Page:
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Some bridge program directors, like University of Miami's Mike Gaines, keep students on track with lots of talk and advice.
Second, their students are not always accepted at four-year institutions with open arms. Harvard and Princeton currently do not accept any transfer students, says Emily Froimson, director of higher education programs at the Jack Kent Cooke Foundation, a private organization that provides assistance to low-income students. At highly selective schools that do accept transfers, a shrinking handful come from community colleges. A national study partially funded by JKCF and published in 2006 found that, between 1984 and 2002, the number of transfer students accepted at elite institutions dropped from 10.5 percent of entering students to 5.7 percent.
Those schools that do accept transfer students generally do so simply to make up for attrition rates, and once accepted, students often receive inadequate financial aid, according to Froimson.
“That's not a very proactive approach,” she says.
At the same time, Froimson notes, research has demonstrated that high-achieving, low-income students are more likely to graduate if they attend selective schools.
Chances are, many more will attempt this route as families turn to community colleges to cut education costs for their baccalaureate-bound kids. Indeed, enrollment in community colleges has swelled during the economic downturn, making bridge programs increasingly important for giving students a rich and inclusive educational experience.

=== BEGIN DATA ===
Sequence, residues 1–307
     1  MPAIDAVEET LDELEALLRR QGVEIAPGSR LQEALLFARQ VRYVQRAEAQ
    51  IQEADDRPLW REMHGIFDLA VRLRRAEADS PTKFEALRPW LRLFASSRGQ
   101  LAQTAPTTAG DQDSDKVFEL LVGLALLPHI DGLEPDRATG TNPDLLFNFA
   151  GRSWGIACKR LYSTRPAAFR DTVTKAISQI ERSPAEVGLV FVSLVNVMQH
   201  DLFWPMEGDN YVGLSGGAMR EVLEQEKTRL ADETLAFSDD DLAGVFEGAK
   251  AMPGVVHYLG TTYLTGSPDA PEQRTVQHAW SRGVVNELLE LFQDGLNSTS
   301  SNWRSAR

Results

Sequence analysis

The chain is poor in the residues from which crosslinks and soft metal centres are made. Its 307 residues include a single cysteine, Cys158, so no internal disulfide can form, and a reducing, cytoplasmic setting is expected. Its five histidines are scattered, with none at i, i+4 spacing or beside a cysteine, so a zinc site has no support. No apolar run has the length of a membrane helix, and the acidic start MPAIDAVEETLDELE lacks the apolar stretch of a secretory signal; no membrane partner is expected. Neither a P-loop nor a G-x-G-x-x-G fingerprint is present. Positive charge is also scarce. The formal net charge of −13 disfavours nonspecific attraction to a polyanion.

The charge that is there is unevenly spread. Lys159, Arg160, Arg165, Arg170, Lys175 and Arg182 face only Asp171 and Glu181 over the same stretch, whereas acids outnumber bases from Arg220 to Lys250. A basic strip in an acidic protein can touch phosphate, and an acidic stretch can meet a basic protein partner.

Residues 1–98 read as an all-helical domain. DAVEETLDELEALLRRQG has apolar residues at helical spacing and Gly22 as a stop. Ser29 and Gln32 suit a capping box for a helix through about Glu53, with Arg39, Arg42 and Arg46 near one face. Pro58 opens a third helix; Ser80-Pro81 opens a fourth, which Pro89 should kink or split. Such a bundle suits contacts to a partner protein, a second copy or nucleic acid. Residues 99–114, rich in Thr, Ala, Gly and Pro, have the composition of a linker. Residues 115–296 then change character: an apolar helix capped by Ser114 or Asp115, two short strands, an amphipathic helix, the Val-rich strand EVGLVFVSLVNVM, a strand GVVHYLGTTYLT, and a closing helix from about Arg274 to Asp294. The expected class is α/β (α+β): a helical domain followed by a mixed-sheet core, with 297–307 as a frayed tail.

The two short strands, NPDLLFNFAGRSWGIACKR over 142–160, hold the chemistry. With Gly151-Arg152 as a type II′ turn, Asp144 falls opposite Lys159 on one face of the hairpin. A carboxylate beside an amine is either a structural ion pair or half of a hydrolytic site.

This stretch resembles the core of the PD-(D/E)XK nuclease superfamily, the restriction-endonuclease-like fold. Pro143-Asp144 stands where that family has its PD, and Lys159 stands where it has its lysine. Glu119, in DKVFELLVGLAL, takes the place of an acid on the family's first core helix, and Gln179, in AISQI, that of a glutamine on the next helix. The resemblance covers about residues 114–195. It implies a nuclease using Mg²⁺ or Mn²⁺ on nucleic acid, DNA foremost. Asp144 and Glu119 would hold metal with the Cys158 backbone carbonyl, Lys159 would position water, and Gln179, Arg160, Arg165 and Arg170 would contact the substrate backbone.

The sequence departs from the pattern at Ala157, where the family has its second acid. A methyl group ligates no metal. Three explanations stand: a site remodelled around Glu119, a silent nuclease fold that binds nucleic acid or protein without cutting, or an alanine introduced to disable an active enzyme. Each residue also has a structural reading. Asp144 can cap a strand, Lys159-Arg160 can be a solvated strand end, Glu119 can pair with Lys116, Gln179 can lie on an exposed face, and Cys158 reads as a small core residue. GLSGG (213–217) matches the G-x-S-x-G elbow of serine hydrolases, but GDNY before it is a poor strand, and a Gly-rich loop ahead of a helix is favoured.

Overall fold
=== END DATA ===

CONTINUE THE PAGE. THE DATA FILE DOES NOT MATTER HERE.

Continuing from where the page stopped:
One of the most common components of bridge programs is undergraduate research. Program directors say it's an effective way to engage students in science and to help them figure out whether research is for them.
For Dosumu-Johnson, it dramatically altered his goals.
At Orange Coast College, he loved his science classes but hadn't really been introduced to research.
“The teachers were amazing,” he says. They knew the subject matter, they were passionate, and they engaged and challenged students to understand science, not just memorize facts, he says.
Though he developed a deep appreciation for science, Dosumu-Johnson didn't realize that a career in scientific research was even a possibility from where he stood. His community college professors had Ph.D.s, but they weren't active research scientists.
“Most students don't have a perception of what's out there, of what's available in science and math,” says Melanie Gill-Shaw, a coordinator at Eastfield College in Dallas County, Texas.
Community colleges emphasize teaching more than scholarly output. Professors carry heavy teaching loads compared with their four-year counterparts, leaving little time or incentive to do research (see sidebar, page 6). Often, their campuses can't afford maintenance or expansion of lab space, according to an article last fall in the Council on Undergraduate Research journal.
Photo: Jeffery Salter